Archaeologists discover a lost world of 417 ancient Mayans cities buried in remote jungle

Scientists in Guatemala have discovered “the first freeway system in the world,” The Washington Post reports.

  • Archaeologists have found ancient Mayans built 417 cities interconnected by 110 miles of “superhighways.”
  • Historians to rethink what they know of ancient Mayan civilization.
  • In an interview with the Post, researchers from a joint US-Guatemalan archaeological study published in the Cambridge University Press in December said they had uncovered 417 cities dating back roughly 3,000 years, interconnected by 110 miles of “superhighways.”
  • This discovery is making historians rethink what they know of ancient Mayan civilization. The discovery of a network of roads and cities, hydraulic systems, and agricultural infrastructure suggests that communities living in Central America were now more advanced than given credit for, the Post reports. 
  • Per the paper, these findings reflect “socio-economic organization and political power.”
  • The lost world dates as far as 1,000 B.C. to the pre-classic epoch of the Mayans, which had previously been considered a nomadic, hunter-gather society.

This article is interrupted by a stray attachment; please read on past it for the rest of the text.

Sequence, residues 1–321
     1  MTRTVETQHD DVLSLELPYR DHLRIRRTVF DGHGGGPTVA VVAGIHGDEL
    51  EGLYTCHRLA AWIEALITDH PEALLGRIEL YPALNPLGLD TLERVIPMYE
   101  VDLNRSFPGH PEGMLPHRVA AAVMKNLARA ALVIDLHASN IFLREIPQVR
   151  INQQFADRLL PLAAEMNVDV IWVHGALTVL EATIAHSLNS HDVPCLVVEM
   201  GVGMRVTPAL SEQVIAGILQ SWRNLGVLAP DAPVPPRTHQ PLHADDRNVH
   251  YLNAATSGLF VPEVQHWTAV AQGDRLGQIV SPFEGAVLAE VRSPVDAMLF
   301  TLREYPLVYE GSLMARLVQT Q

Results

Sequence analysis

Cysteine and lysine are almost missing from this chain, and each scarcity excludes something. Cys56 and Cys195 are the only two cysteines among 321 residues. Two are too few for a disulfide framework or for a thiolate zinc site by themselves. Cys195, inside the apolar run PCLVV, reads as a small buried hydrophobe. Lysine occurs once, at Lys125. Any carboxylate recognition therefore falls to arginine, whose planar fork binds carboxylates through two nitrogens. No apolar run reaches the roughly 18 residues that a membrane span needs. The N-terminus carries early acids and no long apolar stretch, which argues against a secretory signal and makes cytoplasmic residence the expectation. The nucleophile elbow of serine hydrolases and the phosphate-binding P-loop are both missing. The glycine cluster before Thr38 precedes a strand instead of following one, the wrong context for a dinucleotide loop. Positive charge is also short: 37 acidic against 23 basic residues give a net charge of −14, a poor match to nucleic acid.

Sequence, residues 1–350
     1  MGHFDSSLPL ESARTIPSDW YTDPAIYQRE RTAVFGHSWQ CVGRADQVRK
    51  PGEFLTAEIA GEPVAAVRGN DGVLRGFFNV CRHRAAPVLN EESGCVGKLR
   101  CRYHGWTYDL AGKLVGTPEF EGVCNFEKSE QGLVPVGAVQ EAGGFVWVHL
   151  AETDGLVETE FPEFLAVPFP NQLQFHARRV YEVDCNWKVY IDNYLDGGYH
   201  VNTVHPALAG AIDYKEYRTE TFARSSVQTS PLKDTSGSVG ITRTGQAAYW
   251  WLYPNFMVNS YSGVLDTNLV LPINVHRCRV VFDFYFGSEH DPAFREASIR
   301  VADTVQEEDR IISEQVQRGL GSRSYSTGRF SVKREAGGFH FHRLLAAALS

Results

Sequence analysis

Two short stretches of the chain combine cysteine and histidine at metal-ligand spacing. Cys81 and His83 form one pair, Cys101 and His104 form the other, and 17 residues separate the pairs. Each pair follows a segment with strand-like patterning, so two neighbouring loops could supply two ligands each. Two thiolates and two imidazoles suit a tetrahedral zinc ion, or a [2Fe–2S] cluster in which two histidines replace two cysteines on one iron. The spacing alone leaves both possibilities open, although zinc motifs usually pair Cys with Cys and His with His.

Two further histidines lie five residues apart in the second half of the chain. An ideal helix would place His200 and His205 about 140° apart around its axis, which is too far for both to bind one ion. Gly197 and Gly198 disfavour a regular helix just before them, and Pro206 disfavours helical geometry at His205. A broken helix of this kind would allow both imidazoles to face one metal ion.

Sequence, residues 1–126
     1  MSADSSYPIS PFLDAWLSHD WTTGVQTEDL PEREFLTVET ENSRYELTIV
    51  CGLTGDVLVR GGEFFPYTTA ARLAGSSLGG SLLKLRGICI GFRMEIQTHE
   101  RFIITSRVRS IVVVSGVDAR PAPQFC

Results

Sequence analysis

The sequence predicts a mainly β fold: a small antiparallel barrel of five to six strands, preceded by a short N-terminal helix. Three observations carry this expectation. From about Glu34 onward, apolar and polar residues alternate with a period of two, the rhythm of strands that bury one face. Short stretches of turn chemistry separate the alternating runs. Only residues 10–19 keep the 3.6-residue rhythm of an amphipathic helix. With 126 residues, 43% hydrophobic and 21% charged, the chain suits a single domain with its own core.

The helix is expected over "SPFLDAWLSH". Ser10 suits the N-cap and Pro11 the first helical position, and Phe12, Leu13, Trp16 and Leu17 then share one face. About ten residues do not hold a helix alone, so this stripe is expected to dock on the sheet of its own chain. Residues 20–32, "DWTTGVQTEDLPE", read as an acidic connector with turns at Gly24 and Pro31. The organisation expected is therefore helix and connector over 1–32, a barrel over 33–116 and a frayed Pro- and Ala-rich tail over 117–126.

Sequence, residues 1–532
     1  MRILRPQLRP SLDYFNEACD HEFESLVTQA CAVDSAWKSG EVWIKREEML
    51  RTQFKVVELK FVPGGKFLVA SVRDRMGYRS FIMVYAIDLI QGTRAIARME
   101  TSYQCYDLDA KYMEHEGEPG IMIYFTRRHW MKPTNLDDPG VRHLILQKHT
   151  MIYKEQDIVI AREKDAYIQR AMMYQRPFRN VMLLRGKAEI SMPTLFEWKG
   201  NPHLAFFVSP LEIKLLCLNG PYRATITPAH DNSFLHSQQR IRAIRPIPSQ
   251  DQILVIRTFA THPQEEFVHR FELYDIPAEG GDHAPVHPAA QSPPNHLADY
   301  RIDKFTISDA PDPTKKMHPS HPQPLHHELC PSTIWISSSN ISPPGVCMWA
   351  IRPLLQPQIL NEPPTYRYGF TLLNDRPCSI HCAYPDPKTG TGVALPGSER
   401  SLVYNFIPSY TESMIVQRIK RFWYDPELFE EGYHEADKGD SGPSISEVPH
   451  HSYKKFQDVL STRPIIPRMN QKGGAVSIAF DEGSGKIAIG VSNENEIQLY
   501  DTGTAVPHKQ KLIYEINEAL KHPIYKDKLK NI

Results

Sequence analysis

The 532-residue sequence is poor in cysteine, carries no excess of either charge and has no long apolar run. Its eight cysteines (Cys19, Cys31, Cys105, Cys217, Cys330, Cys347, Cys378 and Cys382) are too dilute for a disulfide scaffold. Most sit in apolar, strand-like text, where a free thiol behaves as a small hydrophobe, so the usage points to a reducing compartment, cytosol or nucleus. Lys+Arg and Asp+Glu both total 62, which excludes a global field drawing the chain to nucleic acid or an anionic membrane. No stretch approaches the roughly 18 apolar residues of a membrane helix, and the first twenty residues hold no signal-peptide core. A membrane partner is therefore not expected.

• This discovery from the El Mirador jungle region in southern Guatemala is a “game changer,” Richard Hansen, lead author of the study and affiliate research professor of archaeology at Idaho State University, told the Post. 
  • The find is in a remote tropical jungle on the Mexico-Guatemala border. It is only accessible by helicopter to a challenging 40 miles hike through dense, Jaguar and snake-filled rainforest, said the Post.
  • We now know that the Preclassic period was one of extraordinary complexity and architectural sophistication, with some of the largest buildings in world history being constructed during this time,” said Hansen.
  • The findings have unveiled “a whole volume of human history that we’ve never known,” he told the Post. 
  • The team, with scientists from the US and Guatemala, has been mapping the areas in Central America since 2015 and has used lidar technology — a key archaeological laser mapping technique — to reveal the finest details, such as ancient vegetation. 
  • It allowed the scientists to see ancient dams, reservoirs, pyramids, platforms, causeway networks, and even ball courts, per the study. 
  • Archaeologist at San Carlos University in Guatemala City and co-author of the paper, Enrique Hernndez, told the Post that after further work on this project, it could be as influential of a historical discovery as the Egyptian pyramids. 


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